To mark the start of national mental health week, one of Australia’s leading Institutes working in the prevention of mental illness and the prevention of suicide has announced a big change.
After 25 years of delivering world-leading prevention programs and research, today the Hunter Institute of Mental Health will rebrand and relaunch as Everymind.
While the Institute will continue to base its 40-plus staff in Newcastle NSW, the director Jaelea Skehan said the time was right to make the change.
“While we have deep connections to our local region through the Hunter New England Local Health District and the University of Newcastle, our work has been nationally focused for the past 20 years.
“It is a unique point of difference for us to work nationally from our regional base, but we believed that the time was right to rebrand the Institute so we could better communicate about the work that we do and the values driven way that we go about doing it.
“The name Everymind is perfect for us, because prevention is at the heart of everything we do.”
“We believe that every sector, every community and every individual can make a meaningful contribution to improving mental health and preventing suicide,” said Ms Skehan.
The Institute was first established by the Hunter New England Local Health District in 1992 as a self-funding solution to education and training needs of the mental health workforce and community. Lead by well-known psychologist Professor Trevor Waring, the Institute broadened its scope to deliver state-wide and national programs within its first five years.
The growth and reputation of the Institute expanded over the next 20 years, including two-decades of work with media in Australia to improve the reporting and portrayal of suicide and mental illness as part of the Mindframe Initiative. An Initiative highlighted by the World Health Organisation in 2014 when it released its first global report on suicide.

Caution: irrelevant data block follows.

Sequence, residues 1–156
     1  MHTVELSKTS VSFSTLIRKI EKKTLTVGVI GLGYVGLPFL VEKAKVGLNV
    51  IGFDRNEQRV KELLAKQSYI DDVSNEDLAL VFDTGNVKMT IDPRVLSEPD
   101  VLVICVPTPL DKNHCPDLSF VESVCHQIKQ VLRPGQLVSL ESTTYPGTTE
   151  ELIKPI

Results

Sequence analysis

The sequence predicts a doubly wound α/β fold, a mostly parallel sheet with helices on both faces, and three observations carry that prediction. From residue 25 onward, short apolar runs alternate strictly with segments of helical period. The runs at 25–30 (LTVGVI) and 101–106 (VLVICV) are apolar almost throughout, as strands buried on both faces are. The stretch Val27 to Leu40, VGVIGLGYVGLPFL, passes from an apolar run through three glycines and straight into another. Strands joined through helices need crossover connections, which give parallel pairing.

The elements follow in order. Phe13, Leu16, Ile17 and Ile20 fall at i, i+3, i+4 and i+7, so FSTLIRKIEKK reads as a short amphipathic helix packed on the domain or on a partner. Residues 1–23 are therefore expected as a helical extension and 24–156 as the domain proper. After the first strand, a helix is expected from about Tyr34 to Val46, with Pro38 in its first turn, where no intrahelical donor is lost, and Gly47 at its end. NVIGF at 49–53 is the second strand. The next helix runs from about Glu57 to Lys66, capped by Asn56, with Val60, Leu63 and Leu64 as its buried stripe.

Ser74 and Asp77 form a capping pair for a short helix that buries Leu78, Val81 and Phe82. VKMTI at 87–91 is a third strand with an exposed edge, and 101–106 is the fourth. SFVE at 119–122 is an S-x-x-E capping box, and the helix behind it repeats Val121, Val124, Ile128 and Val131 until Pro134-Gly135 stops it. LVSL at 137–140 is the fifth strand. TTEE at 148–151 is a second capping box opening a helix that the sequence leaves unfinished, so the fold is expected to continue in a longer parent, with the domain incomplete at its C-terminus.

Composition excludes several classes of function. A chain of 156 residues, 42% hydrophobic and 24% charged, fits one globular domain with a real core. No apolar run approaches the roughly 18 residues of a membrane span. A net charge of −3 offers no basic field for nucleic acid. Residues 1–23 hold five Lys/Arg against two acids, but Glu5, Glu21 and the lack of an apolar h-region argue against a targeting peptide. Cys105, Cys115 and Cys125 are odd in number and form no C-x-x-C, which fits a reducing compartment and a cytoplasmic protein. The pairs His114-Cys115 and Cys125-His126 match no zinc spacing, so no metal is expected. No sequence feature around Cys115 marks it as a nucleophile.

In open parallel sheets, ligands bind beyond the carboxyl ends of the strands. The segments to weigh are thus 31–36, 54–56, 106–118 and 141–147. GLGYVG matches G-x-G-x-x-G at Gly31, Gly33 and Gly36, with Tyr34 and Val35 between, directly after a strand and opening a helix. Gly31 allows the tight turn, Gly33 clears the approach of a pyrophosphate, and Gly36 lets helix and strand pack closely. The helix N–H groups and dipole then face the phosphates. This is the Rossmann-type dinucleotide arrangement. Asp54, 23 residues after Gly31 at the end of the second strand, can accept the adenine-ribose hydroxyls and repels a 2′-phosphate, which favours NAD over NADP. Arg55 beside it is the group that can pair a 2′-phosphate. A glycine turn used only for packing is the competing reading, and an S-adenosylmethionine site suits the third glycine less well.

This year, Everymind received additional Commonwealth funds to build a new online portal that connects suicide prevention work nationally as part of Life in Mind, and in the July budget they were announced as the co-leads for a new Prevention Hub that would deliver translational research to reduce anxiety and depression.
“I’d like to congratulate Everymind for their continued work in the prevention of mental illness and prevention of suicide. Everymind’s new name aligns well with their strong prevention focus.
“Everymind is the co-lead in a new Commonwealth funded mental health research hub to prevent anxiety and depression – focusing on workplaces, young people and families and our medical workforce,” Mr Hunt said.
Everymind has also pioneered pre-service training approaches for teachers and early childhood workers, has developed innovative community and family programs like Partners in Depression and Conversations Matter and led improvements in workplace mental health approaches across a range of industries and, more recently, the small business sector.
In conjunction with the launch event in Newcastle today, Everymind director, Jaelea Skehan said that she and her staff would use this relaunch, and the momentum of national mental health week, to re-dedicate themselves to changing lives and saving lives.
“At Everymind we have a bold vision and believe in a world where all people and all communities are mentally healthy and live well.
“But to achieve that vision, we need to ensure that prevention remains a national priority and that enough resources and collective effort are directed towards putting prevention into practice – across every setting and across every community.
“It is not enough to have a scattergun approach – we know prevention works and we need to trial, test and scale interventions so that every school, every workplace, every service, every community and every family can benefit,” said Ms Skehan.
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